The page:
ANT+ (Adaptive Network Topology)

ANT (Adaptive Network Topology) is a wireless protocol for exchanging data over short distances from fixed and mobile devices, creating personal area networks.

ANT is an ultra low power protocol that is able to operate off of small batteries, such as coin cells.

ANT peripherals typically operate in a broadcast mode that can be received from multiple handsets or displays simultaneously.

ANT+ (built on the base ANT protocol) defines standardized device profiles that specify data formats, channel parameters and network keys. A "profile" defines a specific use case, or data set. The most common ANT+ profile is heart rate (HR), and is used by many heart rate monitors in the market today.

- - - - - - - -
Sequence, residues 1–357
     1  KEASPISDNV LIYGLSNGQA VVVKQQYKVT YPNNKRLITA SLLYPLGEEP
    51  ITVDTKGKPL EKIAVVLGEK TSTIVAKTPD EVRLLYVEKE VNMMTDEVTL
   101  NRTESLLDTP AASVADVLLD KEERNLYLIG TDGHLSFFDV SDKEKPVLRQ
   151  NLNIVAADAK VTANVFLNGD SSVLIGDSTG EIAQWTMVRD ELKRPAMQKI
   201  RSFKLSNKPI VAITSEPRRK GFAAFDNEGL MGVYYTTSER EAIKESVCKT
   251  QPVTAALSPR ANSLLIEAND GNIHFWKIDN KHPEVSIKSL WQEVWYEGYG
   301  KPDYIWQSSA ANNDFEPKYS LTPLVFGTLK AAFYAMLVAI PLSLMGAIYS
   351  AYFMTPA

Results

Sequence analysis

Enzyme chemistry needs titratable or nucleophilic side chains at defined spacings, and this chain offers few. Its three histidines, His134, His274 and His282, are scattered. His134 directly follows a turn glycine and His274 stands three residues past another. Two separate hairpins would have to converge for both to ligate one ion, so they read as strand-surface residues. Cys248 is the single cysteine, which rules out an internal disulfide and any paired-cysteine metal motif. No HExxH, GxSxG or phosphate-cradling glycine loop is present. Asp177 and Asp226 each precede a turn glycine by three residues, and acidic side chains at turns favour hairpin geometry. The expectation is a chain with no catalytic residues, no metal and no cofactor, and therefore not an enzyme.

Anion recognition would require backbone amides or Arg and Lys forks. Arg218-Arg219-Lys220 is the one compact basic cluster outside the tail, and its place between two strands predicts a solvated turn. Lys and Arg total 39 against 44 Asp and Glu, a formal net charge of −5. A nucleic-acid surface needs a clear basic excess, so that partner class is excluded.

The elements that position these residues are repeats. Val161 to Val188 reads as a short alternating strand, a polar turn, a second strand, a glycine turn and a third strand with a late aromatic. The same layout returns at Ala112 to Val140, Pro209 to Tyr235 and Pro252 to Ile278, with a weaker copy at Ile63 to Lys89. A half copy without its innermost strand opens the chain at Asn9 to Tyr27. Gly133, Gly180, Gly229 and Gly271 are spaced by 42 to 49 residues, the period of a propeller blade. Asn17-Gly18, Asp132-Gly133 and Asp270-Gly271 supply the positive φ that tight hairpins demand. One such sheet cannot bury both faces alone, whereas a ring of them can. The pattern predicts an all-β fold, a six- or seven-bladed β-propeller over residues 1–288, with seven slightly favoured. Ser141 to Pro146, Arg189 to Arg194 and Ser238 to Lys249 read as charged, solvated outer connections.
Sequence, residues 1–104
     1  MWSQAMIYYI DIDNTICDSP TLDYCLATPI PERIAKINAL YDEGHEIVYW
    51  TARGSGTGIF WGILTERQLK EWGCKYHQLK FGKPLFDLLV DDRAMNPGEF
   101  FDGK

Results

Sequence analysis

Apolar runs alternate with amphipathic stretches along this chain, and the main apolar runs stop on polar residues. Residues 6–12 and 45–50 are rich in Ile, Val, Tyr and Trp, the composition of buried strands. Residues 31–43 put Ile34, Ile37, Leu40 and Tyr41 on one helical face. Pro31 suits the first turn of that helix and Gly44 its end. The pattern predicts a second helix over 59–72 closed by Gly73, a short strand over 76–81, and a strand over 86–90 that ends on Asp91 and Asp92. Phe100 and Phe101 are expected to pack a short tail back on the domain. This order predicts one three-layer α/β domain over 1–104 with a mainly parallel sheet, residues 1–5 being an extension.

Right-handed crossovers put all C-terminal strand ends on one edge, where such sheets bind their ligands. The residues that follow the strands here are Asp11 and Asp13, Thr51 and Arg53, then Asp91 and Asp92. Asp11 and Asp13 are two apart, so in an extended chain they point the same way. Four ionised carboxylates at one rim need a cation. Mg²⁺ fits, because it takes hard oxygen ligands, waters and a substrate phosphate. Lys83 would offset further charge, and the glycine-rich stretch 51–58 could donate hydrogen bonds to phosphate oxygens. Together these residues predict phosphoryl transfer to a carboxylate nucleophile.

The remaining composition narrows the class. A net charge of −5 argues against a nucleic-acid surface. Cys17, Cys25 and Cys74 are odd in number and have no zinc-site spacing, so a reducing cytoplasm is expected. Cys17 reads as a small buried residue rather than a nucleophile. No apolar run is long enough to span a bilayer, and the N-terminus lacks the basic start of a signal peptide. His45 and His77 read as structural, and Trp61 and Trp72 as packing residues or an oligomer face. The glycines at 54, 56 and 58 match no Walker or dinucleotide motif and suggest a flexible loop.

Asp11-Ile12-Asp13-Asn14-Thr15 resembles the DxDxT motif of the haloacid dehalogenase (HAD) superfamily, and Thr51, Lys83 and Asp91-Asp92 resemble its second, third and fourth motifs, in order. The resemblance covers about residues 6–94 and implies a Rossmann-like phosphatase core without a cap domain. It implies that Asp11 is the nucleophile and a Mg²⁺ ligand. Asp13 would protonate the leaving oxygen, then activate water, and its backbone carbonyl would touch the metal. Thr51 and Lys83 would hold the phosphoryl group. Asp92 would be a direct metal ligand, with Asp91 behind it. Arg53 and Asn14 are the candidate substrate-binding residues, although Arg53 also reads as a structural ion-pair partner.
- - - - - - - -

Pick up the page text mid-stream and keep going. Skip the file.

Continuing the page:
Other examples of ANT+ profiles include:

  • Bicycle Speed & Cadence (S&C)
  • Bicycle Power (PWR)
  • Activity (ACT)
  • Weight Scale (WGT)
  • Blood Pressure (BP)

Also, you can have several sensors work with a single receiving display or have several receiving displays read the information from a single sensor.

ANT+ ensures trouble-free interoperability, allowing ANT+ products by different makers to work together as long as all paired devices support the same profiles (denoted by teh respective ANT+ activity icons).

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